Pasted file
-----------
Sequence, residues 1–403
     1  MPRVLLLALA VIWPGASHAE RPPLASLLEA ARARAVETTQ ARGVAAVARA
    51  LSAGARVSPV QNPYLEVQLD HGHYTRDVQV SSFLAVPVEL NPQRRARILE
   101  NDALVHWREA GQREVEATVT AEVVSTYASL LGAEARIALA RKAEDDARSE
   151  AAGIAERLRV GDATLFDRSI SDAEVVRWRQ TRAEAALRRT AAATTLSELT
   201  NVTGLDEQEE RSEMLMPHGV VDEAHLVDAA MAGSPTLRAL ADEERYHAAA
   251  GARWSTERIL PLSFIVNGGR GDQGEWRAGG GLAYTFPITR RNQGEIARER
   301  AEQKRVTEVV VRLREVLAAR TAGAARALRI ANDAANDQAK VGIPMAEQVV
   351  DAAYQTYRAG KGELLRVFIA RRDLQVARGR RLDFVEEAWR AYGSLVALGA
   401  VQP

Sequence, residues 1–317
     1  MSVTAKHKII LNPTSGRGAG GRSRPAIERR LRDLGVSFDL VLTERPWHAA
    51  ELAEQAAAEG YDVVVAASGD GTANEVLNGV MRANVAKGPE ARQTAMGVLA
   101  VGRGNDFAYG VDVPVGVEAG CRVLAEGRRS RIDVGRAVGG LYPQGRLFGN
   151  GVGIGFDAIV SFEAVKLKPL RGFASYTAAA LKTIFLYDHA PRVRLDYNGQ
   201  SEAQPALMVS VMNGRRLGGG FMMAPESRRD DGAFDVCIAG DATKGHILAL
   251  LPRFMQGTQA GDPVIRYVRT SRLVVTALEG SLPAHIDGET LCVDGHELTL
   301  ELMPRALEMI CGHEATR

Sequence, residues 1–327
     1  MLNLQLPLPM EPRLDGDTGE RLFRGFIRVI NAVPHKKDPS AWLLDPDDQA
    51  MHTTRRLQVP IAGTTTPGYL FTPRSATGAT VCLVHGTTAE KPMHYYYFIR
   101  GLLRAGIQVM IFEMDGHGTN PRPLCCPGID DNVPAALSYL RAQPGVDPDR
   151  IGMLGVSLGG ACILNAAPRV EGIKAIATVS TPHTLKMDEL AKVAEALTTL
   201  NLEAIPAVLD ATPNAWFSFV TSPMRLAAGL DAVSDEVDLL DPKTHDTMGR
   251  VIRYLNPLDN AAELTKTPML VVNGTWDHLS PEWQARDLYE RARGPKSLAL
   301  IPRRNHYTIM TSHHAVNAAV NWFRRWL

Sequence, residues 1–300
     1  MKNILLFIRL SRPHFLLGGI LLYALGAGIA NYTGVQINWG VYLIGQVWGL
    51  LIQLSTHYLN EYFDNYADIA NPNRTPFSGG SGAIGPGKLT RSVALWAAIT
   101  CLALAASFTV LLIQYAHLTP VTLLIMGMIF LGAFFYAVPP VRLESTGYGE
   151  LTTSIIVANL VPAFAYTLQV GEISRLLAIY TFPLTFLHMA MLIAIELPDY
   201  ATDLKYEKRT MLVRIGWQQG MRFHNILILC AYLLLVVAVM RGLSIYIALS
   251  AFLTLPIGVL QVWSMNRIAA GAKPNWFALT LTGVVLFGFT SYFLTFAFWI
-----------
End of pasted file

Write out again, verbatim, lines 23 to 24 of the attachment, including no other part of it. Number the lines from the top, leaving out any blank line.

   151  IGMLGVSLGG ACILNAAPRV EGIKAIATVS TPHTLKMDEL AKVAEALTTL
   201  NLEAIPAVLD ATPNAWFSFV TSPMRLAAGL DAVSDEVDLL DPKTHDTMGR